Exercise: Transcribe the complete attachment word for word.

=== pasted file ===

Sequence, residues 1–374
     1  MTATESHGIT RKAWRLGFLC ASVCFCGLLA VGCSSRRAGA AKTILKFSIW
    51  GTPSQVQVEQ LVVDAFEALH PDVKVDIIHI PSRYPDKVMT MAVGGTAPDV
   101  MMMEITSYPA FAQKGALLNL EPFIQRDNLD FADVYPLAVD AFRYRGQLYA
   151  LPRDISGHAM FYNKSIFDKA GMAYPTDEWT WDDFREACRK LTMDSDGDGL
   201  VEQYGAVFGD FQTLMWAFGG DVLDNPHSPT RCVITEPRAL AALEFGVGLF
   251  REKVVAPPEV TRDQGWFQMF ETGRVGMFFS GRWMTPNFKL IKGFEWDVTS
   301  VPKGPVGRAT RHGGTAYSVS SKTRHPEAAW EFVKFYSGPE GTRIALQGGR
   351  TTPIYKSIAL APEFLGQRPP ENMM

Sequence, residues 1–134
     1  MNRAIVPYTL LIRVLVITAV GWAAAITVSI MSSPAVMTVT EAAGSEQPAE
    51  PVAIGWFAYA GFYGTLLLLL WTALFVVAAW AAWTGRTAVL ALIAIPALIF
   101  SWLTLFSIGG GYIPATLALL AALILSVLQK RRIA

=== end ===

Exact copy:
Sequence, residues 1–374
     1  MTATESHGIT RKAWRLGFLC ASVCFCGLLA VGCSSRRAGA AKTILKFSIW
    51  GTPSQVQVEQ LVVDAFEALH PDVKVDIIHI PSRYPDKVMT MAVGGTAPDV
   101  MMMEITSYPA FAQKGALLNL EPFIQRDNLD FADVYPLAVD AFRYRGQLYA
   151  LPRDISGHAM FYNKSIFDKA GMAYPTDEWT WDDFREACRK LTMDSDGDGL
   201  VEQYGAVFGD FQTLMWAFGG DVLDNPHSPT RCVITEPRAL AALEFGVGLF
   251  REKVVAPPEV TRDQGWFQMF ETGRVGMFFS GRWMTPNFKL IKGFEWDVTS
   301  VPKGPVGRAT RHGGTAYSVS SKTRHPEAAW EFVKFYSGPE GTRIALQGGR
   351  TTPIYKSIAL APEFLGQRPP ENMM

Sequence, residues 1–134
     1  MNRAIVPYTL LIRVLVITAV GWAAAITVSI MSSPAVMTVT EAAGSEQPAE
    51  PVAIGWFAYA GFYGTLLLLL WTALFVVAAW AAWTGRTAVL ALIAIPALIF
   101  SWLTLFSIGG GYIPATLALL AALILSVLQK RRIA